Science versus faith. It’s a heavyweight match-up between two often entirely opposed different worldviews that has been playing out for centuries.

Whatever tension exists between the ideas of those who lean more toward faith versus others more inclined toward reason, the roots of the conflict could trace back to the structure of our brains, according to a new study in the journal PLOS ONE.

Previous research using functional magnetic resonance imaging (fMRI) suggests the brain has an analytical neural network that allows for critical thinking as well as a social network that supports empathy. This idea of tension existing between the two networks in the brain is known as the opposing domains hypothesis.

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The two networks play a game of tug-of-war when faced with a problem. When critical thinking is required, the empathetic part of the brain is suppressed. When moral reasoning is needed, the analytical network is subdued.

Belief in a higher power tends to engage the empathetic network of the brain, tuning out the more analytical area. Thinking analytically about the physical world has the opposite effect, according to the authors.

For their study, researchers from Case Western Reserve University and Babson College conducted a series of eight experiments, involving between 159 to 527 adults. Individuals who were more likely to be religious also tended to show a greater moral concern, though the researchers couldn’t demonstrate cause and effect.

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Similarly, strong analytic thinking tended to discourage any kind of spiritual or religious belief. Again, the relationship was correlational rather than causal.

“When there’s a question of faith, from the analytic point of view, it may seem absurd,” said lead author Tony Jack of Case Western Reserve University. “But, from what we understand about the brain, the leap of faith to belief in the supernatural amounts to pushing aside the critical/analytical way of thinking to help us achieve greater social and emotional insight.”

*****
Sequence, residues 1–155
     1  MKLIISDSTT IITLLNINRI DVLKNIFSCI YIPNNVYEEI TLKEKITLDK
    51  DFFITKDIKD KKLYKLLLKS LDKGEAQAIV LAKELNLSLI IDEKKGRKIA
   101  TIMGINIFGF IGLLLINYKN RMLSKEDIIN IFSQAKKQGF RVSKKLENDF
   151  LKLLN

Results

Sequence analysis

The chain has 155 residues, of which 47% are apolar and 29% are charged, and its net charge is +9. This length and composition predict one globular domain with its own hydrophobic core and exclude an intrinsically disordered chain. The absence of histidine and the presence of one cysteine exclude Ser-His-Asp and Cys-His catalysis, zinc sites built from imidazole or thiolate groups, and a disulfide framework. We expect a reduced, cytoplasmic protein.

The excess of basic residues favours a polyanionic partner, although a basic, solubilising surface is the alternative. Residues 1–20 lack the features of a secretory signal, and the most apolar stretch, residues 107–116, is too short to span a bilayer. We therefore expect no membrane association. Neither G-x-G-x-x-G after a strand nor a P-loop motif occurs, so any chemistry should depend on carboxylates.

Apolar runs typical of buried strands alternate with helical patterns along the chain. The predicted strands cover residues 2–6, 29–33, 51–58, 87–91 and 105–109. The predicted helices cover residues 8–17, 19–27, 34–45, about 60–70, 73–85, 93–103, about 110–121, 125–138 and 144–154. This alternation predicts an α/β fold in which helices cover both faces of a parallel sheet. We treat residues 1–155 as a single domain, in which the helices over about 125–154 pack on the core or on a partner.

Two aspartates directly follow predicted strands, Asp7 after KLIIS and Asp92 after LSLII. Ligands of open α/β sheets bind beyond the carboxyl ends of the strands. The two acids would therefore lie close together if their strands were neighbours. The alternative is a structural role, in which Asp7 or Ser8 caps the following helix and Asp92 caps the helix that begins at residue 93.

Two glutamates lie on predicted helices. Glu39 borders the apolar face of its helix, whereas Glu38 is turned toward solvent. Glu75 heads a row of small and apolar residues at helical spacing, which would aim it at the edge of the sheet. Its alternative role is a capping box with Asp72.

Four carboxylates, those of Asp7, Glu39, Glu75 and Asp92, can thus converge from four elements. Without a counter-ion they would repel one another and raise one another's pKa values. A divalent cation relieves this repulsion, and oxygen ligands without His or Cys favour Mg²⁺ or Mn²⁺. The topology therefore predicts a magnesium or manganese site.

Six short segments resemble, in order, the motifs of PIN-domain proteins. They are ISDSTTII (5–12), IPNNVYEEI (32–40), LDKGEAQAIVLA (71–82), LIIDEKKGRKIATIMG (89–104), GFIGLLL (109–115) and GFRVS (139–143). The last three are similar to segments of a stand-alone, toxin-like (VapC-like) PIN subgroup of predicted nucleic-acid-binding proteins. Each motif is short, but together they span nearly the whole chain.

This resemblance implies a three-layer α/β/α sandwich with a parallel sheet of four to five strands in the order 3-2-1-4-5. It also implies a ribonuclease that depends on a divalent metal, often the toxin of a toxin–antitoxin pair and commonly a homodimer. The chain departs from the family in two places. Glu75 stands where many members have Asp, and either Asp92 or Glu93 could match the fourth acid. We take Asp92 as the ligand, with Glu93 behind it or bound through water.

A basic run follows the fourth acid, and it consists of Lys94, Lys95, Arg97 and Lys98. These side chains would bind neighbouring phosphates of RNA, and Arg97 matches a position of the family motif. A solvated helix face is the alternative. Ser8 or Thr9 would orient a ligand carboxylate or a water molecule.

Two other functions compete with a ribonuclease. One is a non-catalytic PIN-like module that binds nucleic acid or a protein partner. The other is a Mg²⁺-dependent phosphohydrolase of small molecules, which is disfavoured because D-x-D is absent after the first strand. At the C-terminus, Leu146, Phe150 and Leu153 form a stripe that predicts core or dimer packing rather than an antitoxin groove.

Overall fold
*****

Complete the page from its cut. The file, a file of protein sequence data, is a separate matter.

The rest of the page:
The role that these neural networks play in the brain in affecting belief helps to explain certain trends seen in religiosity across different groups. Women, for example, tend to be more empathetic than men, the study’s authors point out, and past research has demonstrated that women also tend to be more religious or spiritual.

Religious individuals aren’t necessarily less intelligent than their agnostic or atheist counterparts. As the researchers note, citing a book that documented the religious affiliations of Nobel Prize winners, nearly 90 percent of the laureates adhered to some sort of faith.

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Are science and religion really in conflict? Nearly three-in-five Americans believe they are, according to a survey published last year by the Pew Research Center.

Interestingly, both individuals who are highly religious as well as those more scientific-minded are less likely to see such a conflict, previous surveys have found. A Rice University survey published in 2015 found that nearly 70 percent of evangelicals saw no conflict between science and religion and close to half of them saw the two as complimentary.

Nearly 76 percent of the scientists surveyed reported belonging to one religion or another. An earlier study published by Rice University in 2011 also found that just 15 percent of scientists surveyed from the nation’s major universities saw constant conflict between science and faith.

Whatever conflict may arise between religion and reason, the study’s authors offer potential boundaries for the two. ”Religion has no place telling us about the physical structure of the world; that’s the business of science,” Jack said in a statement. “Science should inform our ethical reasoning, but it cannot determine what is ethical or tell us how we should construct meaning and purpose in our lives.”